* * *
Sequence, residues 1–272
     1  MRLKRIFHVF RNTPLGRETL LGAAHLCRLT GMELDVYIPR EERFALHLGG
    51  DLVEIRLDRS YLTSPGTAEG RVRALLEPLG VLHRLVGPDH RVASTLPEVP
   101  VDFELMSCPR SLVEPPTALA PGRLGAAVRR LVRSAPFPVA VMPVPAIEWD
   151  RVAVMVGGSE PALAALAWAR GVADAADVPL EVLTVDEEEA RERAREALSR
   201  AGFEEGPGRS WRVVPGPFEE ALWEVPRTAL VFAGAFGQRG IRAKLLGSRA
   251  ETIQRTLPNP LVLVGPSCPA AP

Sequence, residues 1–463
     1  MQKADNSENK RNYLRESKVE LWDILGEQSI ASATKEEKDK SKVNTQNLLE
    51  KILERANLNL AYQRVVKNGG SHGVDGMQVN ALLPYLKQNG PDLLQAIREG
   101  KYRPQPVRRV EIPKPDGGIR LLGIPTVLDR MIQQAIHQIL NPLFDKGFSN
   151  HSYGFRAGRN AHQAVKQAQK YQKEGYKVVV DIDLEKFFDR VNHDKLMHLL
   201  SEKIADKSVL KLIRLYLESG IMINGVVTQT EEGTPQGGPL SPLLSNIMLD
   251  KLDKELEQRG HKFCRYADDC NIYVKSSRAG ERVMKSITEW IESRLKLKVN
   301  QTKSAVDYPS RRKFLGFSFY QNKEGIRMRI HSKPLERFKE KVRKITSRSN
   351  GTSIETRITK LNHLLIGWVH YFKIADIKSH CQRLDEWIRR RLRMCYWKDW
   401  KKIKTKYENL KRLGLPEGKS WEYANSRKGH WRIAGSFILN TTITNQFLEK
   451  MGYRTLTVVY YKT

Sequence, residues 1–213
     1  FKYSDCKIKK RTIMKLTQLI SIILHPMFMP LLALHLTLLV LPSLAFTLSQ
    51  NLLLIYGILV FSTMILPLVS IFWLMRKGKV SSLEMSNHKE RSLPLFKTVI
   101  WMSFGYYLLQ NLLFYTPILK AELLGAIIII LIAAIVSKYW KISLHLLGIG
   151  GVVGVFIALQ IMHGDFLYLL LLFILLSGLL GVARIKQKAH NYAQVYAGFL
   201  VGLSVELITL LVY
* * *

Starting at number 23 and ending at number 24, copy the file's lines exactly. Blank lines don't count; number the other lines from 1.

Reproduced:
   151  GVVGVFIALQ IMHGDFLYLL LLFILLSGLL GVARIKQKAH NYAQVYAGFL
   201  VGLSVELITL LVY